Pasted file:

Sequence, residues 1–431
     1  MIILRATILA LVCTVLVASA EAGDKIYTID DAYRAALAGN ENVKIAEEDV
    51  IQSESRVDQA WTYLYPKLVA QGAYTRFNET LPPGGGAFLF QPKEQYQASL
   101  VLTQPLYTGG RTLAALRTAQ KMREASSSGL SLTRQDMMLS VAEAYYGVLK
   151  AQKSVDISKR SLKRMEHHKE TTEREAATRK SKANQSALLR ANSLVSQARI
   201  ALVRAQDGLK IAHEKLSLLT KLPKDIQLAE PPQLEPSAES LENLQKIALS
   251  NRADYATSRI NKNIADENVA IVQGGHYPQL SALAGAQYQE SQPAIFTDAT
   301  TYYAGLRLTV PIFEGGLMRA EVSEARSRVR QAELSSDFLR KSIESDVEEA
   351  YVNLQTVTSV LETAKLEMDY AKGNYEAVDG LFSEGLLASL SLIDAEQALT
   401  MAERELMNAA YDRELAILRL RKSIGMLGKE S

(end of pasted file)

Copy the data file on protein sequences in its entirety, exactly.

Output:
Sequence, residues 1–431
     1  MIILRATILA LVCTVLVASA EAGDKIYTID DAYRAALAGN ENVKIAEEDV
    51  IQSESRVDQA WTYLYPKLVA QGAYTRFNET LPPGGGAFLF QPKEQYQASL
   101  VLTQPLYTGG RTLAALRTAQ KMREASSSGL SLTRQDMMLS VAEAYYGVLK
   151  AQKSVDISKR SLKRMEHHKE TTEREAATRK SKANQSALLR ANSLVSQARI
   201  ALVRAQDGLK IAHEKLSLLT KLPKDIQLAE PPQLEPSAES LENLQKIALS
   251  NRADYATSRI NKNIADENVA IVQGGHYPQL SALAGAQYQE SQPAIFTDAT
   301  TYYAGLRLTV PIFEGGLMRA EVSEARSRVR QAELSSDFLR KSIESDVEEA
   351  YVNLQTVTSV LETAKLEMDY AKGNYEAVDG LFSEGLLASL SLIDAEQALT
   401  MAERELMNAA YDRELAILRL RKSIGMLGKE S